In order to demonstrate that this increased invasion, migration, and proliferation was due to an additive effect of losing MTSS1 expression while also being treated with CAF-conditioned media, and not solely due to CAF-conditioned media increasing proliferation rates, we treated PANC-1 WT and MOE cells with either CAF-conditioned media or epithelial-conditioned media and performed a scratch invasion assay. PANC-1 WT cells treated with CAFM invaded approximately 350 μm farther than PANC-1 MOE cells treated with CAFM (Supplementary Figure 10). Similarly, PANC-1 WT cells treated with EpM were able to invade approximately 4-fold farther than PANC-1 MOE cells treated with EpM, which moved roughly as far as PANC-1 MOE cells treated with CAFM (Supplementary Figure 10). Additionally, we performed a scratch invasion assays on PANC-1 cells that were treated with either CAFM or serum-free CAFM. CAFs were plated in complete media, and then 24 hours post-plating, were placed in serum-free media, and then left to incubate for 72 hours before media harvest. Our data show that when PANC-1 cells are treated with either complete CAFM or serum-free CAFM, there is no difference in invasiveness (Supplementary Figure 11). These results show that reduction of MTSS1 expression in PDAC cells augments the increased cell proliferation, migration, and invasion seen in those cells treated with CAF-conditioned media.
Increased MTSS1 expression in metastatic PDAC cells leads to increased survival in vivo
Our in vitro data shows that MTSS1 expression plays a key role in inhibiting cell migration and invasion of PDAC cells. We next set out to determine the effect of modulating MTSS1 expression in PDAC cells in vivo. Our initial analysis had identified MTSS1 as a gene whose expression predicted survival in patient dataset GSE32688. To provide additional validation of this finding, we examined another publically available PDAC patient dataset, GSE21501, to determine if MTSS1 expression correlated with patient outcome. We found that high MTSS1 expression was again revealed to be a significant predictor of better overall survival (HR: 0.7, p = .0051644; Supplementary Figure 12).
Since this data strongly implicated MTSS1 in impacting the prognosis and survival of PDAC patients, we next explored the in vivo consequences of overexpressing MTSS1 in an intraperitoneal injection (IP) xenograft model of PDAC, which has been previously shown to closely mimic the metastatic progression of the clinical disease [36–38]. NOD/SCID/IL2γ null mice were intraperitoneally injected with either AsPC-1 WT cells or AsPC-1 MTSS1-overexpressing (MOE) cells that had been stably transduced with a MTSS1 retrovirus. Mice injected with AsPC-1 WT cells survived significantly shorter, on average 44.3 days, compared to mice injected with AsPC-1 MOE cells, which survived for 51.2 days on average (p = 0.0276; Figure 6A).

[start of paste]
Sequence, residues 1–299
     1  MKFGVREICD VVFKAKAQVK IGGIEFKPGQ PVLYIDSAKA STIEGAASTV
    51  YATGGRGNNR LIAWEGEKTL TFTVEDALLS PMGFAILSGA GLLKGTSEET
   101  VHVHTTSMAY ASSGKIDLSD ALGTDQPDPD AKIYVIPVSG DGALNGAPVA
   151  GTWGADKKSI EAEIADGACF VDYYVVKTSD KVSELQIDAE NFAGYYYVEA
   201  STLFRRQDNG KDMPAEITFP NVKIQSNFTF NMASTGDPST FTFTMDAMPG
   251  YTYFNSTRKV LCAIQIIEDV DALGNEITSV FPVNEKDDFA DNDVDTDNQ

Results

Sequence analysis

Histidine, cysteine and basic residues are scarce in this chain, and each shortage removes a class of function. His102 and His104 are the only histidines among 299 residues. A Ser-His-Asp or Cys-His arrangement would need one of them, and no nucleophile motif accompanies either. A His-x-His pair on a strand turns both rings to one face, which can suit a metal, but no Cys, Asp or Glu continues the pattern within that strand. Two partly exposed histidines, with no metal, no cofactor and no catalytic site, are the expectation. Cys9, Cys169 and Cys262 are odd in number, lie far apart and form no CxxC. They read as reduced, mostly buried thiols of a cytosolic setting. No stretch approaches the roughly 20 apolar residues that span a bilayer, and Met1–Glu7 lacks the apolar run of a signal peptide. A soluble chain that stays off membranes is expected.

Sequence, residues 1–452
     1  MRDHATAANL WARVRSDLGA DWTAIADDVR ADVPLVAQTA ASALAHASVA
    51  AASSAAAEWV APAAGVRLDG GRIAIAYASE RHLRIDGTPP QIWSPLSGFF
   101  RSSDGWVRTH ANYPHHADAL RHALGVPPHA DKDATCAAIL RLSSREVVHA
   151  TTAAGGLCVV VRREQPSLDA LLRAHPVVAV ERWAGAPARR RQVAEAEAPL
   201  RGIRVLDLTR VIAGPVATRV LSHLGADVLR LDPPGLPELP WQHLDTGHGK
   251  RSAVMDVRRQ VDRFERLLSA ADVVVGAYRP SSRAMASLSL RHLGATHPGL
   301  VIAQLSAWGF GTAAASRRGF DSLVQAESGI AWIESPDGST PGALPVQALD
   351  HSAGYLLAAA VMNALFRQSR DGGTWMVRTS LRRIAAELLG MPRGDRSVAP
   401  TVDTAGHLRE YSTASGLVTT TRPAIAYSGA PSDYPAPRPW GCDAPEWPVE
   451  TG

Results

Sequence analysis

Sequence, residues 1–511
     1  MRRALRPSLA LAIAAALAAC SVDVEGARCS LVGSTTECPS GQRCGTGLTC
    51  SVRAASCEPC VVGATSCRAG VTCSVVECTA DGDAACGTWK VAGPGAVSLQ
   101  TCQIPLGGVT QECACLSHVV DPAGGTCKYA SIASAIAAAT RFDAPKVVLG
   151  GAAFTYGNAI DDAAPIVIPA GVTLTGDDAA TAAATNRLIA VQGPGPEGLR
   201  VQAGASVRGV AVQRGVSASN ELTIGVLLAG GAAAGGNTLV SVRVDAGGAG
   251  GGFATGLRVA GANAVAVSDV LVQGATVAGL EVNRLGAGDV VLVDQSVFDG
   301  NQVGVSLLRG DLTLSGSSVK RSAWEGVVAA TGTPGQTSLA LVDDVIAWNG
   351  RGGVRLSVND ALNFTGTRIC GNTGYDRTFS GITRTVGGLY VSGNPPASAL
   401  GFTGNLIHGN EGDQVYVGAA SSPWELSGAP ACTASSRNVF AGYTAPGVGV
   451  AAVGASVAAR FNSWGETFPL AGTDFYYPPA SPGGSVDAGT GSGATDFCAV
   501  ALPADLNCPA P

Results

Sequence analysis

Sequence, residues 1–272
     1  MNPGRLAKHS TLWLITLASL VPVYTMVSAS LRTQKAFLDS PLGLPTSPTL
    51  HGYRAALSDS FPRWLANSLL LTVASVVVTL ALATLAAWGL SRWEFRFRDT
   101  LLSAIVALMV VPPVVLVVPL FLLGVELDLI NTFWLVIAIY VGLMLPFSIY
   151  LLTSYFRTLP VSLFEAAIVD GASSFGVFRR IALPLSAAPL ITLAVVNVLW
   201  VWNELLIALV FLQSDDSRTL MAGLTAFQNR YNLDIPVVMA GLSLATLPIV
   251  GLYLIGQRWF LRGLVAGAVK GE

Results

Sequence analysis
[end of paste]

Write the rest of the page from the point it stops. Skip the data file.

Figure 6: Increased MTSS1 expression leads to significantly prolonged survival in vivo. (A) Kaplan-Meier survival curve of NOD-Scid mice injected intraperitoneally with either AsPC-1 WT or MOE cells. (B) H&E stained sections of tissues from AsPC-1 WT and MOE mice. H&E images were taken at 40x magnification (representative images from sacrifice at day 51). *p-value < 0.05.
Additionally, histological examination of tissues taken from animals sacrificed at the same early time-point from both cohorts of mice revealed that mice injected with AsPC-1 WT cells had pronounced adenocarcinoma tumor cell presence in both the lung and the peritoneum (red arrow, representative images, Figure 6B and Supplementary Figure 13), organ commonly associated with PDAC metastasis , while mice injected with AsPC-1 MOE cells had normal lung and peritoneal tissue upon harvest (green arrow, representative images, Figure 6B and Supplementary Figure 13). Taken together, these data show that expression of MTSS1 plays a critical role in the suppression of cell invasion and migration in vitro; moreover, increasing MTSS1 expression in metastatic cells increases survival in vivo.